Intellectual property theft involves robbing individuals or companies of their ideas, inventions, and creative expressions—often stolen when computers and networks are accessed by unscrupulous competitors, hackers, and other criminals. Intellectual property can include everything from trade secrets and proprietary products and parts to movies, music, and software. And the enforcement of laws protecting intellectual property rights (IPR)—which are critical to protecting the U.S. economy, our national security, and the health and safety of the American public—is an FBI criminal priority. The Bureau’s IPR focus is the theft of trade secrets and infringements on products that can impact consumers’ health and safety, including counterfeit aircraft, automotive, and electronic parts. More on intellectual property theft.
“The FBI is doing everything we possibly can, at every level, to make it harder for cyber criminals to operate,” says Associate Executive Assistant Director David Johnson, “and I believe many of them are now starting to think twice before they put fingers to keyboard. But we also ask that the public do its part by taking precautions and implementing safeguards to protect their own data.”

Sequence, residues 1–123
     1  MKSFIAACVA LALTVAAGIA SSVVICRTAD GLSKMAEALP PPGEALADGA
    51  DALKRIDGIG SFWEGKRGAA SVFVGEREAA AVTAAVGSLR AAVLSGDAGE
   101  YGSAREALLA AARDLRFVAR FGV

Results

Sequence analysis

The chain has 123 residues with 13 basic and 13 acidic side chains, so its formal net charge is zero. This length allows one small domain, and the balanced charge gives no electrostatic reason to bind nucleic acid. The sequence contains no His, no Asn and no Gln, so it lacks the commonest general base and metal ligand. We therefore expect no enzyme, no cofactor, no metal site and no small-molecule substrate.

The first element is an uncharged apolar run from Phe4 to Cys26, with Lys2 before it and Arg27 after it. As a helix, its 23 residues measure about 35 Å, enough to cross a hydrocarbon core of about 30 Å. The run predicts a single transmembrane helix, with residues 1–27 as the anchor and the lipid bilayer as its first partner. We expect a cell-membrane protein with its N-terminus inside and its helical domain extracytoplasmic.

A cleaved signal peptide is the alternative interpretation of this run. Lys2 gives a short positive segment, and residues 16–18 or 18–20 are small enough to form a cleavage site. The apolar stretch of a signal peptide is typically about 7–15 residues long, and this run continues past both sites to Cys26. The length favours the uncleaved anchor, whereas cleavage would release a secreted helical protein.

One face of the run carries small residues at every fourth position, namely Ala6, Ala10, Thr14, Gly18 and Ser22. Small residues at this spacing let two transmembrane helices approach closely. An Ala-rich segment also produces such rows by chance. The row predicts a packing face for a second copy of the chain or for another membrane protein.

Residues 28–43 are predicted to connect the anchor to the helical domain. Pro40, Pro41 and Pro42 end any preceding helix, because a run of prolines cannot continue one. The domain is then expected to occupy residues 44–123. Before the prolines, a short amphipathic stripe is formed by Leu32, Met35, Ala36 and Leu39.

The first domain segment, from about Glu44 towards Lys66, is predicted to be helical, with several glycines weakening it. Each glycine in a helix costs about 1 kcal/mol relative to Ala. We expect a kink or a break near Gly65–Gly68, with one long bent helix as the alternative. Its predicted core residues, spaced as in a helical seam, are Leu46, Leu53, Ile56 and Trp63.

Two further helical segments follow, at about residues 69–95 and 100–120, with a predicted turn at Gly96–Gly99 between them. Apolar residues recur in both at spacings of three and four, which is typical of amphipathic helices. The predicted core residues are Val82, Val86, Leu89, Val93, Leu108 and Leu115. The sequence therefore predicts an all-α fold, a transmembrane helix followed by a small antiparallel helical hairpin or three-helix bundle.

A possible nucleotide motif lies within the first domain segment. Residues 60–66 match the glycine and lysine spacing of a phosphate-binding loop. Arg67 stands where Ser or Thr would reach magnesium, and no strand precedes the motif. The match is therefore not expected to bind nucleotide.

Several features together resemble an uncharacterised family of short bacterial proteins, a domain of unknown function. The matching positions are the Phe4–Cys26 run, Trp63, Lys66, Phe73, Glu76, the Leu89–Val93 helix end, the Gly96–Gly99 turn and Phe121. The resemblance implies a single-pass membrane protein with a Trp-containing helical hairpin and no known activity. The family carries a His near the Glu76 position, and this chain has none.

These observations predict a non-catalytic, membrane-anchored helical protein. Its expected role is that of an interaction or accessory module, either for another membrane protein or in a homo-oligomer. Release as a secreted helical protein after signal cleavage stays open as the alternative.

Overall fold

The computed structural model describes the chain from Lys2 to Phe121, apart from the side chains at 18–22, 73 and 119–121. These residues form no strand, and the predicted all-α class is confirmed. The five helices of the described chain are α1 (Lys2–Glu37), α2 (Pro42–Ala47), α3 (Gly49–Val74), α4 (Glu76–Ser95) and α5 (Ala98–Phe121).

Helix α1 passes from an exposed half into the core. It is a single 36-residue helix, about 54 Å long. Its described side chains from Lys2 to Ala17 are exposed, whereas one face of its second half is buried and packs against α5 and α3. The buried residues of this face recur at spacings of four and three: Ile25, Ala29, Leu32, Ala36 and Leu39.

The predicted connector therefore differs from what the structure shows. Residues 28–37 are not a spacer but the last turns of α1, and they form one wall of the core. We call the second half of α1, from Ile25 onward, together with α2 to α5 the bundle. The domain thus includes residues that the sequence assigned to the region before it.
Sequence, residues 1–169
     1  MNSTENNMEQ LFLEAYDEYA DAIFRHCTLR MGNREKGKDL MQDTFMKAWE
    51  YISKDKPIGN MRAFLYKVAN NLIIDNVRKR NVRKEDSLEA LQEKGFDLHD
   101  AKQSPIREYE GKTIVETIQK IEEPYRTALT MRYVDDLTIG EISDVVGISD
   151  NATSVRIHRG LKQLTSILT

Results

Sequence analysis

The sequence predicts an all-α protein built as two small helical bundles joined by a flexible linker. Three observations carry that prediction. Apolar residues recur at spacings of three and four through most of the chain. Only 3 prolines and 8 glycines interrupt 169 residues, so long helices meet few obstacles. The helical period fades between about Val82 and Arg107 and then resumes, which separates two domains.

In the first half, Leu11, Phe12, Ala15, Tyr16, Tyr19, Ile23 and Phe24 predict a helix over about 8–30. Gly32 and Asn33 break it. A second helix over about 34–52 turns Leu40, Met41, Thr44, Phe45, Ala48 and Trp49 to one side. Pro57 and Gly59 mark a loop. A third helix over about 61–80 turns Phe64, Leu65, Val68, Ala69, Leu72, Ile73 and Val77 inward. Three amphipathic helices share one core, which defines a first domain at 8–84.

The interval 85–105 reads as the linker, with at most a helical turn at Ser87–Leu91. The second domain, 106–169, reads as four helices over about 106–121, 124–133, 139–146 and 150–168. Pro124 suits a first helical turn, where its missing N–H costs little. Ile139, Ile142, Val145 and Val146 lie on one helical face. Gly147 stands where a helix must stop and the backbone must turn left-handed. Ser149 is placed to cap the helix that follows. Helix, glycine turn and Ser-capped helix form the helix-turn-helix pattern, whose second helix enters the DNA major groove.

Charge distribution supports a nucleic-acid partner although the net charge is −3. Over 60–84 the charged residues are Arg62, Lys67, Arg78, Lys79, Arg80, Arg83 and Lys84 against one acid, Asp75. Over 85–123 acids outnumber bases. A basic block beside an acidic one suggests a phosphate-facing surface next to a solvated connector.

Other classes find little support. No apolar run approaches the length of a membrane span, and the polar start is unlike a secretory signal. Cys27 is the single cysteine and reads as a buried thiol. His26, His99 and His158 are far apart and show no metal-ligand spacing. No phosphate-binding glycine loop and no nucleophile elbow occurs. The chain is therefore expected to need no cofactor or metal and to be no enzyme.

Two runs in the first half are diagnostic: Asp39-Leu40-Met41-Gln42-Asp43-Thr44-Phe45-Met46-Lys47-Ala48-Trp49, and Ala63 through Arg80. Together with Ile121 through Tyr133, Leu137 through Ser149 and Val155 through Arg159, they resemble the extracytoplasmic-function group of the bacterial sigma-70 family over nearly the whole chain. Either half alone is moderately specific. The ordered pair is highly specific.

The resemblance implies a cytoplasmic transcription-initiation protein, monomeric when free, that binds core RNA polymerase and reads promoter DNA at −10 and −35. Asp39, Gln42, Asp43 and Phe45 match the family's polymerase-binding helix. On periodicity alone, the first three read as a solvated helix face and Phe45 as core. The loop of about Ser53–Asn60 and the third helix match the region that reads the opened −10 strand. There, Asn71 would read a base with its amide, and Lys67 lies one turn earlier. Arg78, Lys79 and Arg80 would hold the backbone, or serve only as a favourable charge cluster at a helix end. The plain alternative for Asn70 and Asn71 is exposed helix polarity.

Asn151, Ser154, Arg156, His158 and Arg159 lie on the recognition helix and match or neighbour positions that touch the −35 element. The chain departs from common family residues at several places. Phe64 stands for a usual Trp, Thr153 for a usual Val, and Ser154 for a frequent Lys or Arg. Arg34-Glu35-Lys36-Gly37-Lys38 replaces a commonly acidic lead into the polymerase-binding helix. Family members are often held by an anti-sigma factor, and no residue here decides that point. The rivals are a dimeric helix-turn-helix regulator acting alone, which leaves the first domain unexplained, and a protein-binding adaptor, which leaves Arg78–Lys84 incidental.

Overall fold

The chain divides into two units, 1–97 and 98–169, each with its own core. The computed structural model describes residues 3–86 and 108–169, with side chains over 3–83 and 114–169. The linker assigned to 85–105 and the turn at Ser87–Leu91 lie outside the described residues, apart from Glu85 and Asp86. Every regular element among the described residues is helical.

Check back on our website during the month of October for information on protecting your data and devices and on FBI efforts to combat the most egregious cyber criminals.
Paul Davis is a writer who covers crime. He has written extensively about organized crime, street crime, sex crime, cyber crime, drug crime, white collar crime, crime fiction, crime prevention, espionage and terrorism. His 'On Crime' column appears weekly in the Washington Times. He is also a regular contributor to Counterterrorism magazine. His work has also appeared in the Philadelphia Inquirer, Philadelphia Daily News and other newspapers, magazines and online publications. As a writer, he has attended police academy training, gone out on patrol with police officers, accompanied detectives as they worked cases, accompanied narcotics officers on drug raids, observed criminal court proceedings and visited jails and prisons. He has covered street riots, mob wars and murder investigations. Paul Davis' online "Crime Beat" column offers his Q&As with cops, crooks, crime writers and others. Paul Davis has been a student of crime since he was a 12-year-old aspiring writer growing up in South Philadelphia. He enlisted in the U.S. Navy when he was 17 in 1970 and served on the aircraft carrier USS Kitty Hawk during the Vietnam War. He also served two years on the Navy harbor tugboat USS Saugus at the U.S. nuclear submarine base at Holy Loch, Scotland. Following his Navy service, he performed security work as a Defense Department civilian and he later became a full-time writer. Paul Davis' On Crime and Crime Beat columns, crime fiction and magazine and newspaper pieces can be read on this website. His full bio can be read by clicking on the above photo.